By Nikki Jamieson
Sunny South News
Well, it sure got cold out there.
After what one can only call tropical-esque temperatures as thermostat hovered around 10 degrees in December last year before the holidays kicked in, we in southern Alberta were left scrambling to get our heavy winter gear out as it then took an abrupt nose-dive down to -20 degrees Celsius.
Yes, we did have some heavy snowstorms in the beginning of November, but who among us was relishing not having to bundle up in ten different layers just to stay warm? While Albertans are and do get used to the winter weather sooner or later, I think we all agree that we would had loved for mother nature to just turn the heat up a teeny tiny bit so we don’t get frostbite.
Strangely enough, the rest of the country was agreeing with us at the same time. While our vast nation is often heard complaining about sending sun over here or rain over there or a cool wind here, all of Canada seems to have gone under a deep freeze, with Canadians coast to coast shivering out ‘Enough already’.
Don’t get me wrong, winter is a beautiful season, but it’s too cold to go outside when it’s -20 out, so how can we possibly enjoy it? We could barely play hockey in that weather without literally freezing our noses off!
In a way, I feel a little lied to about this weather. My first winter in southern Alberta was lovely and mild. After coming spending years at university in Halifax, and enduring the bitter wet-colds and storms there, I had thought winters in Alberta would be fine. The last winter I spent in Halifax was a relatively warm experience up until around the end of January, and then just about every week it stormed, thawed, got cold again and repeated the cycle. The municipality blew through their snow clearing budget in a matter of weeks, the streets flooded because the gutters were frozen shut and I was climbing over snow banks taller then me because there was no were else to put all the snow!
Then I came to Alberta, and the winter was consistent and not too cold. ‘Oh, this is great!’ poor naïve me thought, then boom! Back to the freezing cold again. At least it’s a dry cold and not a wet cold though.
Who here remembers last winter, when even with our much-appreciated Chinooks it was still -10 out? Like this year, much of Canada was undergoing the deep freeze. The only funny thing about last winter was that Vancouver freaked out because they got a dusting of snow and salt became a much-desired commodity.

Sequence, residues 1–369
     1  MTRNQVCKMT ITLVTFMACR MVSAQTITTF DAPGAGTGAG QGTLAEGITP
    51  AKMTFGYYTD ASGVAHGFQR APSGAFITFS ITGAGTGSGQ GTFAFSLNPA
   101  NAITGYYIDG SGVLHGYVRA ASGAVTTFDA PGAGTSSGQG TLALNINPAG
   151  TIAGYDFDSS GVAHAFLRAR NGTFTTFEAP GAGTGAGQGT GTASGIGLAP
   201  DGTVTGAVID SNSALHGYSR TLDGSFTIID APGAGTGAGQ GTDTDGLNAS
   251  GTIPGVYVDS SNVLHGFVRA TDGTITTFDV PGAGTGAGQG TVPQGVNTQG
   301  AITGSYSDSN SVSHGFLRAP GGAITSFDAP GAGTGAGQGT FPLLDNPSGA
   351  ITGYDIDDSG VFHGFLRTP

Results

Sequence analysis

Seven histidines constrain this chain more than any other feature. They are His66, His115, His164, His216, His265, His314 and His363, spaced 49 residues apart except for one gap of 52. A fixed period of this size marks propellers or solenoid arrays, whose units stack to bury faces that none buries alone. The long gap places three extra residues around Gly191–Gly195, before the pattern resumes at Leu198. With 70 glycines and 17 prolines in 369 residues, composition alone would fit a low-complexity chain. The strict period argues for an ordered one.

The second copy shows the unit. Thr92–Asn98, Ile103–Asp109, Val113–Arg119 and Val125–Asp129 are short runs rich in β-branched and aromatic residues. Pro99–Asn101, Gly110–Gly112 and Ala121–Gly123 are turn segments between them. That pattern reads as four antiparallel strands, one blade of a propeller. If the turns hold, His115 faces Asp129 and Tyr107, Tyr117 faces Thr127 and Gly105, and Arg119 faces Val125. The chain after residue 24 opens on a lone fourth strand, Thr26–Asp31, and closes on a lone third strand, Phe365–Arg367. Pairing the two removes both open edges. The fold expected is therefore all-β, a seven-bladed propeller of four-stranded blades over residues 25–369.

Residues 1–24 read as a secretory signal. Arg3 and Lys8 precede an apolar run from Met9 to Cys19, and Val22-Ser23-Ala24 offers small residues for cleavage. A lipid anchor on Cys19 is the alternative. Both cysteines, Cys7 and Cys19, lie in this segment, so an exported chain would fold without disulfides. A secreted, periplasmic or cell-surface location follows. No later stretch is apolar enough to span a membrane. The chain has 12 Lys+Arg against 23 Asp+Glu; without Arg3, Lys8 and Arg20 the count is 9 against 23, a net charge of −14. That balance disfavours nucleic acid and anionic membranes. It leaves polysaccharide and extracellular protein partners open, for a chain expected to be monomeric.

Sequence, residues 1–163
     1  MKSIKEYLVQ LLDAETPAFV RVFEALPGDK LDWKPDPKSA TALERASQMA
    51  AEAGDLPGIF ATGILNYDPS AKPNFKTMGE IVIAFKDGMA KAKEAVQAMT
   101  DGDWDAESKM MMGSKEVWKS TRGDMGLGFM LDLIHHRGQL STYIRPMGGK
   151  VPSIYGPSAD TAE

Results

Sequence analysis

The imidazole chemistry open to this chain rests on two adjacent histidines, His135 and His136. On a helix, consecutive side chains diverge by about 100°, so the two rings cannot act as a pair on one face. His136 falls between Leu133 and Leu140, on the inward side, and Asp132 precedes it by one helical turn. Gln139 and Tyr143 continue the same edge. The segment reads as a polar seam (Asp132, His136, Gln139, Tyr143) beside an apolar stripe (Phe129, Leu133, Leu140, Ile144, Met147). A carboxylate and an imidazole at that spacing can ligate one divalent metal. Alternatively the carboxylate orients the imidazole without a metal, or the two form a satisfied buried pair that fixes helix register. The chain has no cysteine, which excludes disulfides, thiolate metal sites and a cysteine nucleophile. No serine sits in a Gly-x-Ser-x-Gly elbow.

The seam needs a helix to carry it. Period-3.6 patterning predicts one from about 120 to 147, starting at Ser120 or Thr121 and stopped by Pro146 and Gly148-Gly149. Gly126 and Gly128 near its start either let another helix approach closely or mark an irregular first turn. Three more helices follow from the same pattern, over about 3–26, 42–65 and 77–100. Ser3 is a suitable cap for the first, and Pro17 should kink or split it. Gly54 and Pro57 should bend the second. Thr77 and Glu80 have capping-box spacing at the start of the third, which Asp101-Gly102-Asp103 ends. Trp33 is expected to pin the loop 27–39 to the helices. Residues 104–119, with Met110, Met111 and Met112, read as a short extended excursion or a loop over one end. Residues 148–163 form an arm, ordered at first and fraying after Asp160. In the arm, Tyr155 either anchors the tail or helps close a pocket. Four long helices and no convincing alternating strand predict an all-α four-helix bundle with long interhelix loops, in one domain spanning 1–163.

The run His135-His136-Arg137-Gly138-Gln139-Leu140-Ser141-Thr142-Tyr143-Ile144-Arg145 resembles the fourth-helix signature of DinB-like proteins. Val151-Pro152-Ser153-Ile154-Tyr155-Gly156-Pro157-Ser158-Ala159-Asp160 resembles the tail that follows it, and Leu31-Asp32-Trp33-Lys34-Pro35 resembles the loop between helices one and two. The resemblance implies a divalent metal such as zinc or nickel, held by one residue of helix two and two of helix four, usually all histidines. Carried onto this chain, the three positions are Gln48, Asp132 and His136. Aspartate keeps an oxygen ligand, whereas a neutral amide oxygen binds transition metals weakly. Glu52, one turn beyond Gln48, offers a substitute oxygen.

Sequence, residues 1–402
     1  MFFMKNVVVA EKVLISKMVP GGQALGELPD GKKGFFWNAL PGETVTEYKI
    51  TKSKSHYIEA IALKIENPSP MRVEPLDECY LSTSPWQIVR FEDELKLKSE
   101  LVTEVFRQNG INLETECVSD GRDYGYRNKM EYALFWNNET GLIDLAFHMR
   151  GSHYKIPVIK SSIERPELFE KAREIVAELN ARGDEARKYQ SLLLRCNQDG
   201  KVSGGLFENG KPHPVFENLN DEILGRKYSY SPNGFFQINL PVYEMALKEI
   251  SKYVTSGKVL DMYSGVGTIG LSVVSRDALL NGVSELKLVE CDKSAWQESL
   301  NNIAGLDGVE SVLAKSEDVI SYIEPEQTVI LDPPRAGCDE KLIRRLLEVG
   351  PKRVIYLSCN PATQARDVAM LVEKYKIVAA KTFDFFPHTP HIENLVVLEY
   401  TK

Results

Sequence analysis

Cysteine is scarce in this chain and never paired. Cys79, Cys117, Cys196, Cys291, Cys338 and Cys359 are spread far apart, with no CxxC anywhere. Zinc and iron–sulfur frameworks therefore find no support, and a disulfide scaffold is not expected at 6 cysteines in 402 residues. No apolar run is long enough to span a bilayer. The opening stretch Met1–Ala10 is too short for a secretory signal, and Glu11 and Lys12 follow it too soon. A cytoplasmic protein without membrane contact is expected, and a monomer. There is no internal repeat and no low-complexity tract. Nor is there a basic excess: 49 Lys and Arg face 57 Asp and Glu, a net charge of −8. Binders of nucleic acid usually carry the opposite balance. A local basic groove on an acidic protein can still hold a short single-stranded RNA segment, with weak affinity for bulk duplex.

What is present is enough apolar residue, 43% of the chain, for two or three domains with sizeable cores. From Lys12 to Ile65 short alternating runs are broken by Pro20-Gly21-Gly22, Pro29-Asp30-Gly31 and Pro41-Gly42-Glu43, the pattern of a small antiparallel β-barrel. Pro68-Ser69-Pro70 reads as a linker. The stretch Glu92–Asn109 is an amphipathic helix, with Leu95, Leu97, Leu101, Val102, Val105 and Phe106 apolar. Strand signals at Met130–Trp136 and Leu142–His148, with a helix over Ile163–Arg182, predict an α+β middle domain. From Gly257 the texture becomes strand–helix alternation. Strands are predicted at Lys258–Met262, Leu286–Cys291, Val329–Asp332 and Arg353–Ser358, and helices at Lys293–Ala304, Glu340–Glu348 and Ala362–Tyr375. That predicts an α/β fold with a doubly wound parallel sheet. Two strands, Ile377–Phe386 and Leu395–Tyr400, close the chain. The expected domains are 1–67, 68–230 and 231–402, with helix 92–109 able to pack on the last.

Although to be fair, Vancouver isn’t exactly built for snow.
This winter, especially with the hot and dry summer, one would think that it might — just might mind you — be a little warmer, but no, it seems to be yo-yoing back and forth between ‘are you sure this isn’t spring?’ and ‘did someone forget to pay the gas bill?’.
While Canada can brace for the cold, the freeze has extended down to the southern states. Reports of reptiles falling stunned from trees, poor manatees huddling together for warmth, alligators poking their noses up through the ice as they float lethargically and people in Florida building mini snowman have been reported.
We groan and whine every year about the cold and the storms and the snow and the ice every year. We know it’s going to happen, no matter what, but hey, those little puffs that get produced when we speak help keep our noses warm, and we have to do something to keep ourselves warm. Plus, it is after all, a Canadian tradition to complain about the cold, as much as we love all things winter.
Now, those Arctic-conditions have abated for the time being, as unseasonably warm weather rolled in a little over a week ago. From one extreme to another again, as the snow melts, the ice gets a little thinner and we break out our light jackets. Buds are starting to sprout on trees again, so you know they are going to be in for a shock once it gets cold again.
At least we can take comfort in that we aren’t Jason Momoa, who arrived in Newfoundland to film the third season of his hit series Frontier earlier this month, only to realize that he forgot to bring his winter coat.